Mesa Public Schools will begin the school year on August 4 with enhanced, structured remote learning for all students. | Las Escuelas Públicas de Mesa comenzarán el año escolar el 4 de agosto con un aprendizaje remoto estructurado y mejorado para todos los estudiantes. Learn more | Aprenda más


enter“Enter to Learn, Build your Dreams”. This is the message that empowers the students of Zaharis Elementary as they turn down the long driveway to the school each day. The concrete marker is the first hint that something different is happening here.

Step inside the classrooms and you may see children gathered on a rug, at the feet of a teacher in a rocking chair, as they experience their favorite books together. In another classroom, you may see small groups of students performing readers’ theater depicting a moment in history. In student-led literature circles, you may hear powerful discussions about how life is reflected in literature. Perhaps you may be fortunate enough to eavesdrop on a writing conference. Listen carefully as a child shares his writing, a sacred moment. The teacher works as mentor, carefully questioning, guiding the writer as he learns the art of writing and, eventually, the power of finding his own voice.

show writingMaybe you will walk into a math lesson. Here, you will witness young mathematicians engaged in authentic practices where real-life mathematical situations are solved with hands-on manipulatives, until the abstract becomes concrete. At Zaharis, teachers believe that inquiry develops a solid foundation of numeracy. Children work together to raise questions, investigate, and solve problems. Our classroom communities are alive with a passion and fire for learning.

We have many opportunities to help families in and out of our school community. When one of our students passed away in an accident, students and teachers rose to the call for aid, financial and emotional.  After an inquiry into homelessness, a first grade classroom led the school toward an outreach to support local shelters.  Zaharis is a place where people teach and learn with heart, passion, and a generosity of spirit.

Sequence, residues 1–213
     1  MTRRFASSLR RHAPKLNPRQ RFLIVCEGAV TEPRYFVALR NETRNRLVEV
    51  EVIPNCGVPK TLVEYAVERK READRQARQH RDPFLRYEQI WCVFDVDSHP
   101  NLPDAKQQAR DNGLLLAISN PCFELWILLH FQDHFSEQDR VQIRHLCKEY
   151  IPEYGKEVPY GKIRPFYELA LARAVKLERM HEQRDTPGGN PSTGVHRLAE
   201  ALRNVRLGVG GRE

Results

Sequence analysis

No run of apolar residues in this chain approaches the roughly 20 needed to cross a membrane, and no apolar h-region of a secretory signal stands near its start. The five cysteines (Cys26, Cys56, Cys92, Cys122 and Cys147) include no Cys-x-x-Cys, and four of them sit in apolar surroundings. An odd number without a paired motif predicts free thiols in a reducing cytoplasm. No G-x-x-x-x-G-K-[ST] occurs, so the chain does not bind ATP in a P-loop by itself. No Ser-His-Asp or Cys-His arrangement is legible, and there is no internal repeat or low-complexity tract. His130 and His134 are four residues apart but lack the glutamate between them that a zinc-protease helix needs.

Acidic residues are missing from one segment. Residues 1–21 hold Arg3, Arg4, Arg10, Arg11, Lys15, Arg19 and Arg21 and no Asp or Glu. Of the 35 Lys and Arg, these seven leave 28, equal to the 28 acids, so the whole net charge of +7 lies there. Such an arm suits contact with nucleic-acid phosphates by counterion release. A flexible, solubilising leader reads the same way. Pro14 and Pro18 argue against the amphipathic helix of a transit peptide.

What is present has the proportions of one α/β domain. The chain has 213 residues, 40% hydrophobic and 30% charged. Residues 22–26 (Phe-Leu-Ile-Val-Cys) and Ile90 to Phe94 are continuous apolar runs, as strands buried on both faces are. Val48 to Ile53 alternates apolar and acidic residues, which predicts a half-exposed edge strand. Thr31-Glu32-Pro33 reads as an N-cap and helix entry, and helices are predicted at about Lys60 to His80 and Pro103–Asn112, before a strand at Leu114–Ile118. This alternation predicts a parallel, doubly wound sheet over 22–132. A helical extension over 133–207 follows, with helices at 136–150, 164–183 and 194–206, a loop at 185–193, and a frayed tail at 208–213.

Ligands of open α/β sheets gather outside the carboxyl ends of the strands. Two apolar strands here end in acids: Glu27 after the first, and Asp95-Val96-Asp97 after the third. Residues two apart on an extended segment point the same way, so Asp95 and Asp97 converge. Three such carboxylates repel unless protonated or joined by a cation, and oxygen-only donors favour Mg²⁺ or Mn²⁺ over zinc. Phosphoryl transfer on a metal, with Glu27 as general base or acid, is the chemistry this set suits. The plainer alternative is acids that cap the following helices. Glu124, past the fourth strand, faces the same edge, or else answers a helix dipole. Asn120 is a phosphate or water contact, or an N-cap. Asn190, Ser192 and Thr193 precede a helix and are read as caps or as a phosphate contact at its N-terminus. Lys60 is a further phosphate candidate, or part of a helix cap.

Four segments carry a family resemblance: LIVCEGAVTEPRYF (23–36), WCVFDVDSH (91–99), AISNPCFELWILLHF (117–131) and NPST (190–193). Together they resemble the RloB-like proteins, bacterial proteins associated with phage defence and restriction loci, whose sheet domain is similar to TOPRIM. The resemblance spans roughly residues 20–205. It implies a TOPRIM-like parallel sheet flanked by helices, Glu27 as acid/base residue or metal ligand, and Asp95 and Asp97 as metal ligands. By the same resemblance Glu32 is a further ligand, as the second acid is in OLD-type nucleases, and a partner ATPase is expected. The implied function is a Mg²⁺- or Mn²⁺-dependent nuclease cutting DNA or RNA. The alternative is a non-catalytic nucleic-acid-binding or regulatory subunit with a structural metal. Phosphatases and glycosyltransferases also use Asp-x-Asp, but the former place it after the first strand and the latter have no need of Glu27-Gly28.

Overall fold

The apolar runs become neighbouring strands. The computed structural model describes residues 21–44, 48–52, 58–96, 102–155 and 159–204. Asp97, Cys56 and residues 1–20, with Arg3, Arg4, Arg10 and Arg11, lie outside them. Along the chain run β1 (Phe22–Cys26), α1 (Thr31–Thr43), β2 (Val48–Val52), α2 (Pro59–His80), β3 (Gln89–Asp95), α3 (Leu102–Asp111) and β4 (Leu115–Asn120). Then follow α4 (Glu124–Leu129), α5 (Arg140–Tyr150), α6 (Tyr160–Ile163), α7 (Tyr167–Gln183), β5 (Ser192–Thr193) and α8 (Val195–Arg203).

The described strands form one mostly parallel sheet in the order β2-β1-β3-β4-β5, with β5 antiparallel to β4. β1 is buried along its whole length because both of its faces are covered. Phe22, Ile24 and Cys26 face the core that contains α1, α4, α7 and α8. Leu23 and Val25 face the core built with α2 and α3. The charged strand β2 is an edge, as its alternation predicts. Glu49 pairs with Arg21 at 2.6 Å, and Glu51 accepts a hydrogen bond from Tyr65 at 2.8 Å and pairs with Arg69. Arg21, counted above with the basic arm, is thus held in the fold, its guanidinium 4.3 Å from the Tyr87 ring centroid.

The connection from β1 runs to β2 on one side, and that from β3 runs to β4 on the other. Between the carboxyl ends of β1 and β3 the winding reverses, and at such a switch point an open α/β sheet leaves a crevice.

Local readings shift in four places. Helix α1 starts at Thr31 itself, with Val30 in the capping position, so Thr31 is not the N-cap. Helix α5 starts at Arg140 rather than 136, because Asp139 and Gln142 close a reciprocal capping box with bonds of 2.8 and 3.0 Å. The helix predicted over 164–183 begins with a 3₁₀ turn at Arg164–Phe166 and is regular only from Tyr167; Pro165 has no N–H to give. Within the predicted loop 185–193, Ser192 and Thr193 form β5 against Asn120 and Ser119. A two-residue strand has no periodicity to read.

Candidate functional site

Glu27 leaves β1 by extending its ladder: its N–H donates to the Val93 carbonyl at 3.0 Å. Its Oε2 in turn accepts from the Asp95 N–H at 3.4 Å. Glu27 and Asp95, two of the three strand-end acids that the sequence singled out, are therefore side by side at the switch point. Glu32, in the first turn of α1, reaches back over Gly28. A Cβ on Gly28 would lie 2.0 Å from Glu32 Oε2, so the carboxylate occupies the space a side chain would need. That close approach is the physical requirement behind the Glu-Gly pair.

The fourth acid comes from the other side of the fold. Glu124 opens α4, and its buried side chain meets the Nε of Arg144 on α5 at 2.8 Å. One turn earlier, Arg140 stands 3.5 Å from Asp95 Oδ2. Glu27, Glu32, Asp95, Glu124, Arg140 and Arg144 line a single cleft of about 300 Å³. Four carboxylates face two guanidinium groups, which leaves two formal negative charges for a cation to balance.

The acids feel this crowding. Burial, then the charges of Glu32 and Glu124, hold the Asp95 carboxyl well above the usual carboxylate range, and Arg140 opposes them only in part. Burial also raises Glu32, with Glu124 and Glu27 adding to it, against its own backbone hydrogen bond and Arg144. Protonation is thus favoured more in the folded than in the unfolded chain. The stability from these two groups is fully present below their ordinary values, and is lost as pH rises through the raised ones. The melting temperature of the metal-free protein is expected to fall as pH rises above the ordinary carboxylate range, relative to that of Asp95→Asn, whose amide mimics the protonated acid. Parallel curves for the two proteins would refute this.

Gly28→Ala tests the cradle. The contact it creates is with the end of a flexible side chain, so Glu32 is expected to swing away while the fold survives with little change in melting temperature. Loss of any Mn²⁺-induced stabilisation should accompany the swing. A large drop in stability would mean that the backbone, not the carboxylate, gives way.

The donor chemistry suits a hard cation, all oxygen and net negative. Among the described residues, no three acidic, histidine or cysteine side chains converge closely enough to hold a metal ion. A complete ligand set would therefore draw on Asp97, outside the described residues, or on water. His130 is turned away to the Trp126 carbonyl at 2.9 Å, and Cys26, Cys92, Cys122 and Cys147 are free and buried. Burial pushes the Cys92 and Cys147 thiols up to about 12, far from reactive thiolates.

bedtimePrincipal, teachers, and students at Zaharis regularly let down their hair, breaking into a rehearsed flash mob, wearing medieval costumes for a full-scale knighting ceremony and feast, or dancing, sewing and making butter on the prairie, dressed as pioneers. Everyone wears pajamas for the annual bedtime stories night, where teachers share their favorite stories with families. At Zaharis, school is fun. Our special events, combined with everyday experiences, make learning exciting, motivational, and meaningful.

dadhelpWe have a strong community of parents and families who believe in what we’re doing.  They show up to support classroom activities and events. When volunteers are needed for field trips, family game night, or working in the classrooms, they are happy to help. 

There’s a sense of belonging and pride that extends beyond the walls of the school.Students leave Zaharis to move on to junior high and high school, but they still consider themselves Soaring Eagles, returning often to visit, reminisce, and wander the halls of the school they once called “home”. They say things like, “I miss being here,” and “I love this place!”